Abstract: I will show that dynamic catalytic interfaces exhibit great structural fluxionality in conditions of catalysis, and populate many distinct structural and stoichiometric states, which form a statistical ensemble. Multitude of metastable states in this ensemble dictate the catalytic activity, selectivity, and durability, as well as size-specific behaviours. Every intermediate of the catalyzed reaction is bound to a different ensemble-state of the catalyst. For every reaction step, the most active catalyst state is not the most stable. Thus, catalyst dynamics is an essential part of the catalytic process. Many rules of catalysis need a revision within this new paradigm. Scaling relations routinely break down. Phase diagrams contain many structures per phase. Operando spectroscopy interpretation needs to be done differently, and it may miss the true active sites because it reports on the majority sites that may not be most catalytic. The theory of sintering and the idea of magic numbers need a revision. Etc. Several catalytic systems will be shown to illustrate these points: semiconductor-supported Pt clusters and cluster alloys used for hydrocarbon dehydrogenation for endothermic cooling, Cu oxide clusters used for oxidative dehydrogenation, and clusters on graphite used for ORR. Most of this work is done in close collaboration with experiments that we either explain, or that tests our predictions. Some of our results will hopefully prompt experimental developments. For example, detecting dynamic minority species of the catalytic interface remains a challenge.
Bio-sketch: Anastassia Alexandrova is a Professor in the Department of Chemistry and Biochemistry, UCLA. She obtained a B.S./M.S. Diploma with highest honors, from Saratov University, Russia, her Ph.D. in theoretical physical chemistry from Utah State University, and was then a Postdoctoral Associate and an American Cancer Society Postdoctoral Fellow at Yale University. Anastassia joined the faculty of UCLA and CNSI in 2010. The focus of her laboratory is theory and computation for design and multi-scale modeling of functional materials: dynamic catalytic interfaces, artificial metalloenzymes, molecular qubits and their assemblies, and quantum materials. She is a recipient of numerous awards, such as NSF CAREER Award, Sloan Fellowship 2013, DARPA Young Faculty Award 2011, Fulbright Fellowship 2016, and ACS WCC Rising Star Award 2016, 2020 ACS Phys Early Career Award in Theoretical Chemistry, 2021 Max Planck-Humboldt medal, as well as UCLA’s Hanson-Dow award for excellence in teaching 2016, Herbert Newby McCoy award for excellence in faculty research 2016, undergraduate research mentorship award 2018, and 2019 distinguished teaching award (the highest honor for teaching given in UCLA).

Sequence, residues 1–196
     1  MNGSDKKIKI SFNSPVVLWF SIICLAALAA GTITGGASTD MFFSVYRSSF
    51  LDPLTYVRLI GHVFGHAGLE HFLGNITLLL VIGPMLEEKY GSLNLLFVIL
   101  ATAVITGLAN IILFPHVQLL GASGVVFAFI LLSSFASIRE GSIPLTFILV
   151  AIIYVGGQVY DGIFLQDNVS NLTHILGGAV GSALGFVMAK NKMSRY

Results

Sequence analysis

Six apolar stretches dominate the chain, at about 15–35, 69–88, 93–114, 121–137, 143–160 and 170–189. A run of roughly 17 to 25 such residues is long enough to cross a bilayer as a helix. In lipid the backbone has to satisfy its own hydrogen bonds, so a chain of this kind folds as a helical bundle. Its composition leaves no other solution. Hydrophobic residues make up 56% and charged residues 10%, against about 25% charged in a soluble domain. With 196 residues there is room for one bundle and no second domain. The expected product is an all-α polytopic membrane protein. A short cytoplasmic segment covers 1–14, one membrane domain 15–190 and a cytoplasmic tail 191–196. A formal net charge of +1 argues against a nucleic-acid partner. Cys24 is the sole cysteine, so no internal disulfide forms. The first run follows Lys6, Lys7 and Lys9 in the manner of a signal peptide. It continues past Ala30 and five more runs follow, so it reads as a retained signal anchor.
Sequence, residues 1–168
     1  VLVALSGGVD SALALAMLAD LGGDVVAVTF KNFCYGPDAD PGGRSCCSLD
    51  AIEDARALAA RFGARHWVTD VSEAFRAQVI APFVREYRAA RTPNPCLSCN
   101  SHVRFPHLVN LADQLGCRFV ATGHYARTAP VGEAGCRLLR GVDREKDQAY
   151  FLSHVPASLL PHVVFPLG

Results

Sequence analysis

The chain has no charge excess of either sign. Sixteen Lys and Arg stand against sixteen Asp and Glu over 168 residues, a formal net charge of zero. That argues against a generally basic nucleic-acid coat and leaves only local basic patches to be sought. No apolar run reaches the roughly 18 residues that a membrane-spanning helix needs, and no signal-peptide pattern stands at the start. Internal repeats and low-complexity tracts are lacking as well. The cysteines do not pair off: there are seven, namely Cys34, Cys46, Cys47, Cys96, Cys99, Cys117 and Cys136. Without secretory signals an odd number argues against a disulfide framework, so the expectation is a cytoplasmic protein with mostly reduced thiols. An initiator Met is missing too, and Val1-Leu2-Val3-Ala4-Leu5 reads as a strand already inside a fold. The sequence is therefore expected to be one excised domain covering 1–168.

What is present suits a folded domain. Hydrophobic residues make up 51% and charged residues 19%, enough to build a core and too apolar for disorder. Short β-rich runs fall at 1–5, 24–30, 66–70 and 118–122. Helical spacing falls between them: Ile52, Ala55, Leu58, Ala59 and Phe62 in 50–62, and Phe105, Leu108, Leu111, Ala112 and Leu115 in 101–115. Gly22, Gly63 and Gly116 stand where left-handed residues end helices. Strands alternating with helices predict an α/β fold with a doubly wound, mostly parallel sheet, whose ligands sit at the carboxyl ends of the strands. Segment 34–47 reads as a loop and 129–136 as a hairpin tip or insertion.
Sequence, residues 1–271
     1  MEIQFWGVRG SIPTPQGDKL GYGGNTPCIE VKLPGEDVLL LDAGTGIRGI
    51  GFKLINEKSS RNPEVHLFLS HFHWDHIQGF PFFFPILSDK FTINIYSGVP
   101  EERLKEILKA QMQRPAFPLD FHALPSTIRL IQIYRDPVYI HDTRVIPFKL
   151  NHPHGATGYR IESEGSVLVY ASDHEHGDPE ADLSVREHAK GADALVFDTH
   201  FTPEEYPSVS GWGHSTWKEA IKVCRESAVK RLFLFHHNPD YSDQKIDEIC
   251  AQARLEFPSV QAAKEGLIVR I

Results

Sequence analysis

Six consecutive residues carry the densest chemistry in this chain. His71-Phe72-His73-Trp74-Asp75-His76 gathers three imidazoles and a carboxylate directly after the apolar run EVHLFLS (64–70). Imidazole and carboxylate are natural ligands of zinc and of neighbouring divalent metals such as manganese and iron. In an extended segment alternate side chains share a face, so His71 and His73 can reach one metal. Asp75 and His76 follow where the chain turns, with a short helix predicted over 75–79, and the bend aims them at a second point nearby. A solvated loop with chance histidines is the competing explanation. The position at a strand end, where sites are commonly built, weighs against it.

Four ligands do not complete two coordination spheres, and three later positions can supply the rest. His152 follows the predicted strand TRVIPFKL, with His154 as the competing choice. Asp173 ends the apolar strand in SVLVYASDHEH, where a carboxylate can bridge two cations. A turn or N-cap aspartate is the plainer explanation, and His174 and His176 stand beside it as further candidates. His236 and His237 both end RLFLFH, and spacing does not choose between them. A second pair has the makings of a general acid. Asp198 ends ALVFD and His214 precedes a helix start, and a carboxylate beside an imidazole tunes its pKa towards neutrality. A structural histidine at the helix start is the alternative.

Koffler - Room 218
Anastassia Alexandrova Faculty Professor, Department of Chemistry and Biochemistry, UCLA
Hosted by Dr. Steven Schwartz